As a consequence of South Africans’ lock down to curb the corona pandemic, the tourism industry has been brought to a grinding halt. But whilst tourism is indeed quiet, our work relationships carry on. I am optimistic of a future as least as fulfilling as the past. Speaking of which, I made this video to reminisce about the incredible AWOL Bicycle Township tour we created in Masiphumelele Township in Cape Town.
The idea of a bicycle township tour was born two decades ago whilst I was on a Trans African cycling journey. On my return to Cape Town, I decided to work with the Masiphumelele community to recreate the experience for travelers and to give back to a community in honour of the amazing generosity we experienced on our travels.
Back in 2002, when we began , many were skeptical of the viability of doing a township tour by bicycle. I was even asked if it would be some sort of survival adventure race! Fortunately I have never been very good at taking sensible advice!
Sometimes in life, when the ingredients are just right, the outcome can be amazing. With the right mindset and best intentions, AWOL Tours created a tour experience that is truly socially responsible – benefiting both the visitor and the host community, contributes to the financial sustainability of a wide range of participants and is also environmentally sensible.
The AWOL Bicycle township tour originally partnered with the non-profit Bicycling Empowerment Network, and have since given its support to the Masicorp seedlings programme and supports the Songezo cycling academy. Both of which are located in Masiphumelele.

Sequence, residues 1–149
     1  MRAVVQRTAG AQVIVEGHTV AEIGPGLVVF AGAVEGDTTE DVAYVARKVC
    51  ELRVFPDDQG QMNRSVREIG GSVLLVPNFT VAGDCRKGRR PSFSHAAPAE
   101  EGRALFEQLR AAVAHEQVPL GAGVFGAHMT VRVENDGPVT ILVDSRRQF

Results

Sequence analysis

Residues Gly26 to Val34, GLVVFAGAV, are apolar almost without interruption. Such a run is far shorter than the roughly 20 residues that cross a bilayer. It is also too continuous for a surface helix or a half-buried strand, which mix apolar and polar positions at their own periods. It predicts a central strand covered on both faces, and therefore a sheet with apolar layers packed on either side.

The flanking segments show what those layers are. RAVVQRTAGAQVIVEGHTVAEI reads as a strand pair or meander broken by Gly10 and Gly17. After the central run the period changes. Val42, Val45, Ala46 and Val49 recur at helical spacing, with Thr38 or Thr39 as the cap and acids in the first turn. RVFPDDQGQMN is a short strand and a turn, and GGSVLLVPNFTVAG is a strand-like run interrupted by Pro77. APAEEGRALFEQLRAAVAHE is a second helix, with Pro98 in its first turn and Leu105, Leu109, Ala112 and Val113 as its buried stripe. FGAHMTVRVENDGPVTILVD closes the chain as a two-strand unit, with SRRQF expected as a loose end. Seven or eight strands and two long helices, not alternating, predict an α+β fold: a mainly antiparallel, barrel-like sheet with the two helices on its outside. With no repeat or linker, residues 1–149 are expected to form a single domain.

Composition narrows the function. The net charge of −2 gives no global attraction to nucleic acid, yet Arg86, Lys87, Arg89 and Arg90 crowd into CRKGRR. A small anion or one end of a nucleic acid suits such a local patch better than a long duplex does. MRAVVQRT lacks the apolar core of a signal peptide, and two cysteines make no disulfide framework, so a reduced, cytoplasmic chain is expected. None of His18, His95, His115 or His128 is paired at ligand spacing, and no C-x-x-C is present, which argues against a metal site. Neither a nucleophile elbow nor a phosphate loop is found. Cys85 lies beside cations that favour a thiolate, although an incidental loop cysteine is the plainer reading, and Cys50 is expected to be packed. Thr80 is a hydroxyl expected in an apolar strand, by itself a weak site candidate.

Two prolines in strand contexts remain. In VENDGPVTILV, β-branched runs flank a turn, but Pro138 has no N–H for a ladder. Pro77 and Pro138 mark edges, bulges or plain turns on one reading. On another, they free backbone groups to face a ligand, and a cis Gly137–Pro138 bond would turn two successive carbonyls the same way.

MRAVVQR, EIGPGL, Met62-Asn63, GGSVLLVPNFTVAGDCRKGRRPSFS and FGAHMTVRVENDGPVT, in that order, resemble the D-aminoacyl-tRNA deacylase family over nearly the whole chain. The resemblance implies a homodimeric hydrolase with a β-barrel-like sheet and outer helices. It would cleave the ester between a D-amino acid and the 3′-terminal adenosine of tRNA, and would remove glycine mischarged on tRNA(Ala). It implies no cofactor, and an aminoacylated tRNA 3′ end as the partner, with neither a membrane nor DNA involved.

On the 3 hour tour we visit the the Library, Ndileka who makes Shweshwe clothing, the pink house, Masivelani Creche, traditional healers and local musicians; and of course Nonnie our favourite chef who invites guests into her home for lunch.
Whilst exploring Masiphumelele informal settlement by bicycle and weaving through the shacks on the wetlands challenges many middle class visitors, we get so much positive feedback from guests saying how welcoming and how inspirational the tour experience was especially on reflective when returning home.
Even I feel an overwhelming sense of helplessness at the poverty of every time I revisit the community with guests. But I also feel a deep sense of satisfaction that we got something right and how tourism contributes to the economic upliftment of the community. Over the years we have had many good moments – like when we hosted the Adventure Race team and watched them struggling to eat the “smileys” (sheep head) as one of the challenges, or performances of the Sotho dances or when the Sangomas “graduated” my husband when he finished his PHD. Of course like many projects in South Africa we have many challenges, but mostly the personal growth of individuals who have dignified employment and personal prospects in ways imagined. (read more)
For now our AWOL tour guides are supported, but I really do worry about economic consequences of the organisations and the entrepreneurs like Nonnie who we normally support on the tour. If you would like to make a donation during these challenging times please click on this link.
For those who have been on the tour I hope the video brings back fond memories. And for those who had to cancel their holidays we forward to inviting you back on our Bicycle Township Tour once the world finds a way to cope with this pandemic.
Written by Sally Petersen, AWOL Tours Founding Director